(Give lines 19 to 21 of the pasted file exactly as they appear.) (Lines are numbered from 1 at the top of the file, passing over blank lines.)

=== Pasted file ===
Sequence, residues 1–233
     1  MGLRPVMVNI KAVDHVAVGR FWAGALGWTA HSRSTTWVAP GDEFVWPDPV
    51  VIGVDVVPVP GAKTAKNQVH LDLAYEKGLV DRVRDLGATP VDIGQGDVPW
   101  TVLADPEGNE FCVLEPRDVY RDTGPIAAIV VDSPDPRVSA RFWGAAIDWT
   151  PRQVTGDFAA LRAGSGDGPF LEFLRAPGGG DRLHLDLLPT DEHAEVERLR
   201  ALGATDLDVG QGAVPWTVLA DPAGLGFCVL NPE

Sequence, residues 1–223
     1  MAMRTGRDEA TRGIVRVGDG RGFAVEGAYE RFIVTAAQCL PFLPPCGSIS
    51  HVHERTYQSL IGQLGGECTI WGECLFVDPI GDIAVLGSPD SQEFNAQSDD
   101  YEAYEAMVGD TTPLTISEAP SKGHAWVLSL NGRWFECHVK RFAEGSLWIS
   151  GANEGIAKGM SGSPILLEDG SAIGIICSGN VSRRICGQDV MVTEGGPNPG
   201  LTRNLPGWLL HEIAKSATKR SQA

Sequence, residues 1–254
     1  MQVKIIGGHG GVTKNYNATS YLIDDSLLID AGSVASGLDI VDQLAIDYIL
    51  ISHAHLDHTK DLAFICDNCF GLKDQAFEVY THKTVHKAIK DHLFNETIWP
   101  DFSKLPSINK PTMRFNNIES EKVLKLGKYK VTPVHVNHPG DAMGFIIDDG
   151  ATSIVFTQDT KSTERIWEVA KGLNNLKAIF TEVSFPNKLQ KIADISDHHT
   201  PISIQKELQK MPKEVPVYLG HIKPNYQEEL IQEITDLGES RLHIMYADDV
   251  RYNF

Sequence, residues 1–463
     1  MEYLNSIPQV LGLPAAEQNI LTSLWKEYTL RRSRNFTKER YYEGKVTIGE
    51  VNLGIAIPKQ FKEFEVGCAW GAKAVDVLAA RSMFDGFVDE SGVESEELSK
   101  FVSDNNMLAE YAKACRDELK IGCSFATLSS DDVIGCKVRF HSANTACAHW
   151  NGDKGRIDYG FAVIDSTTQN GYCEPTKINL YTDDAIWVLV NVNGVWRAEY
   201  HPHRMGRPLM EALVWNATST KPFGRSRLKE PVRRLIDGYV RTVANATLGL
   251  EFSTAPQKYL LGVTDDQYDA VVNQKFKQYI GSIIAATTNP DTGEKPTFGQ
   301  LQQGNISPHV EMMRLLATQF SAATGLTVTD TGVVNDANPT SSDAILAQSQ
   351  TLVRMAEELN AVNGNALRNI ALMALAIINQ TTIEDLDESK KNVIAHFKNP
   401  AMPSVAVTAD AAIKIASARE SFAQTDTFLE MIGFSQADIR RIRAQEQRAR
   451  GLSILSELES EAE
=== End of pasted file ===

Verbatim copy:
   251  RYNF

Sequence, residues 1–463
     1  MEYLNSIPQV LGLPAAEQNI LTSLWKEYTL RRSRNFTKER YYEGKVTIGE